The final Western land campaign against Nazi Germany may have been something of an anti-climax. But on the Eastern Front the war came to an end apocalyptically, and Antony Beevor, a veteran military historian, has a first-rate subject for his talents. To Central Europeans with a historical sense, it must have seemed as cataclysmic as the Mongol invasions, seven centuries before. Millions of Red Army soldiers, thousands of tanks and aircraft, had lined up on the River Vistula, which bisects Poland from north to south. On 12 January 1945, they struck, with great howls of artillery and multiple-rocket launchers—"Stalin Organs," the Germans called them. Already, the preceding summer, a whole German army group had been ground down by this massive weight, and the local commanders were desperate to be allowed to retreat, to show some flexibility in defense. Hitler, by now madly obstinate, told them that they must hold on; he even had generals shot for treachery and defeatism if they disobeyed. The outcome was foreseeable: the German defense disintegrated. One after another, supposed strong points became engulfed in the Soviet flood, and one after another, Polish cities were liberated—Warsaw, a heap of ruins because the Germans had burned it in revenge for the Polish uprising of August 1944; Kraków, a Renaissance jewel of a town, which survived intact because the Soviets were too quick for any defense to operate. On 27 January came a melancholy capture: Auschwitz. Most of its surviving prisoners had been evacuated by the Nazis in a death march a week or two before, and were now moving, a column of pajama-clad scarecrows, toward concentration camps in Germany. By the time the Red Army had outrun its supply lines and needed to refit its tanks, it stood at the River Oder, at most fifty miles from Berlin.

An argument ensued. Should the army push straight on to Berlin, as its outstanding commander, Marshal G. K. Zhukov, wanted? With this there were problems, which Beevor outlines well. In the first place, Soviet generals were even more given to personal rivalry than Western generals, and some of them were not at all keen for Zhukov—by far, and justly, the best known and best respected of them—to achieve the renown for taking Berlin. Additionally, as ever in wartime, there were powerful arguments for prudence. Even as the German army was clearly on the run, the Soviets feared it. German soldiers remained formidable to the end, and as the Ardennes offensive had shown, they were quite capable of pulling surprises. The Soviets had advanced a long way from the Vistula, but fortified pockets of German troops remained—around Königsberg, the old Prussian capital, and Danzig, at the mouth of the Vistula; at Breslau, in Silesia, and the Hungarian capital, Budapest, where they were desperately withstanding a siege that was to last six weeks and to tie down R. Y. Malinovsky's army group. In Courland, in Latvia, a considerable contingent was still impregnably fortified, and supplied by sea. Suppose that these forces all counterattacked simultaneously, with the "wonder weapons" that the Nazis were supposed to be producing: would this not spell a Soviet disaster? After all, in the early summer of 1942 Stalin had assumed that after his victory at Moscow, when the initial German onslaught had been stopped, the way was open for a grand counterattack. Instead he had run into a trap, and had faced a triple defeat—in Kharkov, in the Crimea, and in Leningrad—that allowed the Germans to attack again, this time across the great plains of southern Russia. Much better, if Stalin did not want to risk a similar humiliation, to concentrate on reducing the pockets one by one. And so into early April the Red Army was kept busy with a kind of grinding, inch-by-inch frontal attack on fortified lines—an attack that no Western general, mindful of the need to keep casualties down, could possibly have ordered.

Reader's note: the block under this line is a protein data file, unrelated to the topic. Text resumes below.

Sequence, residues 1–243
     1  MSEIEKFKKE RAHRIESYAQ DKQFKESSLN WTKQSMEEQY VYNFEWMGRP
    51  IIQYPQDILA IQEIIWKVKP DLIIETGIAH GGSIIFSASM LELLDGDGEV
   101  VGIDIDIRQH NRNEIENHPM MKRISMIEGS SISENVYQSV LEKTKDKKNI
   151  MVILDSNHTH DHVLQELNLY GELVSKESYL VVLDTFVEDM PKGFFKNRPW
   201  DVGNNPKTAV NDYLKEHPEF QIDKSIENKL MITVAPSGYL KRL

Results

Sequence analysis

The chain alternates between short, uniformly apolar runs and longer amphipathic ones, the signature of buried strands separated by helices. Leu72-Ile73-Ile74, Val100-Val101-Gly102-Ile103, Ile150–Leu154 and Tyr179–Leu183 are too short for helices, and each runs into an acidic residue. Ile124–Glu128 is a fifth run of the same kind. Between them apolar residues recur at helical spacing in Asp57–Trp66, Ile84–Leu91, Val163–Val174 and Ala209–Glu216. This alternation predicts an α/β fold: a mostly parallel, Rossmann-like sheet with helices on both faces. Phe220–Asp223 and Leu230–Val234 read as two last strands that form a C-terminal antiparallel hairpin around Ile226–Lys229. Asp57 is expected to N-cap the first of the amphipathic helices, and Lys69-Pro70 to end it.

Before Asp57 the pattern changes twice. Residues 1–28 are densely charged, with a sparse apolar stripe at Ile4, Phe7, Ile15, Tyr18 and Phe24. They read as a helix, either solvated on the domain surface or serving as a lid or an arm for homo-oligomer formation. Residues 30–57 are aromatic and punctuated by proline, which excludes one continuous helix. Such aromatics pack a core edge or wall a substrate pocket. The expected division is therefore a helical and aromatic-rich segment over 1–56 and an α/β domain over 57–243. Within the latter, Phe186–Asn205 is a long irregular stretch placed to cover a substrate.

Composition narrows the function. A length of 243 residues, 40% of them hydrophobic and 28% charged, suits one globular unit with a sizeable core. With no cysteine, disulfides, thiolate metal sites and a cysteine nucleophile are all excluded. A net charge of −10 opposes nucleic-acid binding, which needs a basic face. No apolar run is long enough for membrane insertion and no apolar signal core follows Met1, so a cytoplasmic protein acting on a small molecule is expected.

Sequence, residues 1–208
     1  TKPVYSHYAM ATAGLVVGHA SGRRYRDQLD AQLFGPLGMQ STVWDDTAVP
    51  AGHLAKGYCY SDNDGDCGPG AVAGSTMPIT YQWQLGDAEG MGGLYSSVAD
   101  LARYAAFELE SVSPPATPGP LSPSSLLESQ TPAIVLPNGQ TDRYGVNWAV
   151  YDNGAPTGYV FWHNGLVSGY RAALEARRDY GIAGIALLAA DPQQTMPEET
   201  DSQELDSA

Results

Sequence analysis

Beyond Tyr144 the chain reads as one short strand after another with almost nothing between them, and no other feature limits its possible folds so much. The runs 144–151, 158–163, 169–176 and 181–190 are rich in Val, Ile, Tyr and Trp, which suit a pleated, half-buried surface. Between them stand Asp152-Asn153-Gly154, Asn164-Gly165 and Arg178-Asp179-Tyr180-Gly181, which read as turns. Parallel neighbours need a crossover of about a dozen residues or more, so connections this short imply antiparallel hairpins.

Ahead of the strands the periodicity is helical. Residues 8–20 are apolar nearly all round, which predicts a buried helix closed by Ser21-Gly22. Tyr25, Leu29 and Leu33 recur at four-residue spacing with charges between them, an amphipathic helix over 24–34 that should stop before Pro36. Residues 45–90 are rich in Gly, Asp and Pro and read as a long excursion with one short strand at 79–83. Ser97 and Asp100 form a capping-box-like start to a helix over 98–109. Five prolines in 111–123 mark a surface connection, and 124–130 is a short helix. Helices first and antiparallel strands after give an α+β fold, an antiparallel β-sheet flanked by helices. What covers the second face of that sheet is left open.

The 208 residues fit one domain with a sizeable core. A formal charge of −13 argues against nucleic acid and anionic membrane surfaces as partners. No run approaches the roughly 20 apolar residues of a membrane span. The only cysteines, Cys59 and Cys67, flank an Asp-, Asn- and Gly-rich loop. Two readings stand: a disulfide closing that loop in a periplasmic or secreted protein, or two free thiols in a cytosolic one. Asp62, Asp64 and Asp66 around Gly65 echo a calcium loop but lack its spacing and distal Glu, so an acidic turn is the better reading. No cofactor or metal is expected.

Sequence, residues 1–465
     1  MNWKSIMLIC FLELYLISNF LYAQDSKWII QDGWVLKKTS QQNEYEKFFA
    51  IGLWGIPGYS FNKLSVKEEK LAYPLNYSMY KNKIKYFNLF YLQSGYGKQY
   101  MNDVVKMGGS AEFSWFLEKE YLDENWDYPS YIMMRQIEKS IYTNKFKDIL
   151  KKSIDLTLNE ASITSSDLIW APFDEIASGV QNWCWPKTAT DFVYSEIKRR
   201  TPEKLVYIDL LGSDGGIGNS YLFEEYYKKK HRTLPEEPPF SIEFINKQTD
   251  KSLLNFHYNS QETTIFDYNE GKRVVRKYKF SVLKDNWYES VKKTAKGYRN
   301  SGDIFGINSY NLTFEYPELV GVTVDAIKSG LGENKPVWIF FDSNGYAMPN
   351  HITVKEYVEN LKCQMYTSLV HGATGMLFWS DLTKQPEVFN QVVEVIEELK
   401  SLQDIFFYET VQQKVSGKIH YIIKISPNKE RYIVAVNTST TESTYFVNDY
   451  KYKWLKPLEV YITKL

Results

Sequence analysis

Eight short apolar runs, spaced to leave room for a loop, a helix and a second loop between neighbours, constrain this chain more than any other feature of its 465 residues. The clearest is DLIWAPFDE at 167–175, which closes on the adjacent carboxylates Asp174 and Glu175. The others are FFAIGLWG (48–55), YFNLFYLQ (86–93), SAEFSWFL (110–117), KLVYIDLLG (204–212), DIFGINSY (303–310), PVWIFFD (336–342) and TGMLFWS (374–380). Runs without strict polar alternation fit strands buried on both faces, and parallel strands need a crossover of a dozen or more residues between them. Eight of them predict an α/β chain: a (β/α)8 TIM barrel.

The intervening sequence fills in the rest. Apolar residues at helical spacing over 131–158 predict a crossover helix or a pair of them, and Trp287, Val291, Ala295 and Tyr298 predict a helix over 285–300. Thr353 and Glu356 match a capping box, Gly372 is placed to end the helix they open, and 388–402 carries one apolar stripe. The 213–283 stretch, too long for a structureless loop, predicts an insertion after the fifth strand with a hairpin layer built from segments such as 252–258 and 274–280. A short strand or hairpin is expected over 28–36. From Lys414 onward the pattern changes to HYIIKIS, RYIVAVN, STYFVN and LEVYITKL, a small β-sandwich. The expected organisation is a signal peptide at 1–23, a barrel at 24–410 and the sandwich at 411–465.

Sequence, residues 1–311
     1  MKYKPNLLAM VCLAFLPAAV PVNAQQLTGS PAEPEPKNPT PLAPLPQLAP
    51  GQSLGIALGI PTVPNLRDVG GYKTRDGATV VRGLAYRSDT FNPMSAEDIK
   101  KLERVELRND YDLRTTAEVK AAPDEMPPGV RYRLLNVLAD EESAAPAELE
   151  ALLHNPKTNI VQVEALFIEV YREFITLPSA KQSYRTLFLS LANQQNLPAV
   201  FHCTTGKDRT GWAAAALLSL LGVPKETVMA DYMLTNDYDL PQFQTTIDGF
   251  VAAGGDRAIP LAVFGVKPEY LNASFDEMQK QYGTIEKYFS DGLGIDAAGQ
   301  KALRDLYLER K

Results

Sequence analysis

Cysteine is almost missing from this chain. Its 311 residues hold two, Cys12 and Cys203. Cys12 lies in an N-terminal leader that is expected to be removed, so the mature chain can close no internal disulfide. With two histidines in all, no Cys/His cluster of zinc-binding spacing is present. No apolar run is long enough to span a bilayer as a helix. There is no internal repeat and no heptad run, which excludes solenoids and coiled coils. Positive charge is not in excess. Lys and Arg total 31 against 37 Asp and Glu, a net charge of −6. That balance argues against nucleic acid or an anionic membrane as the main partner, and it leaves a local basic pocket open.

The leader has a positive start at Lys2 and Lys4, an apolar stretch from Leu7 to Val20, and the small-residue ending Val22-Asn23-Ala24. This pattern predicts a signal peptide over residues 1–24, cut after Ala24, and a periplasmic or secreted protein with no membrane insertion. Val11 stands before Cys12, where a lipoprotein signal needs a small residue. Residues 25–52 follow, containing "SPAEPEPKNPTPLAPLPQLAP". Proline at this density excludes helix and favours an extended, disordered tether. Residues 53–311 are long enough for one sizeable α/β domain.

For the Germans this was by far the worst period of the war. They knew that when the Soviets arrived, there would very likely be an orgy of rape—old women, young girls, whoever. Beevor goes on and on about this. He has interviewed women who remember these horrors. The book has been rather badly received in some Russian quarters, because—at least in the captured cities, where officers could keep order—Red Army soldiers [as opposed to those in their wake, camp followers and former prisoners] were under some sort of control; and in any case, the previous German occupation of a large part of Russia and Ukraine had been distinguished by extraordinary cruelty and pillage. But there is no doubt that rape on a grand scale distinguished the Soviet advance through the countryside; and even before the end of the war Churchill was asking himself how he and the Americans could have let such "barbarians" into Europe. To the Soviets, however, the Germans had been the real barbarians, and Stalin was not going to let them forget it. Not until some days after the end of the war did it all stop—and then only because the Soviets needed at least some German cooperation.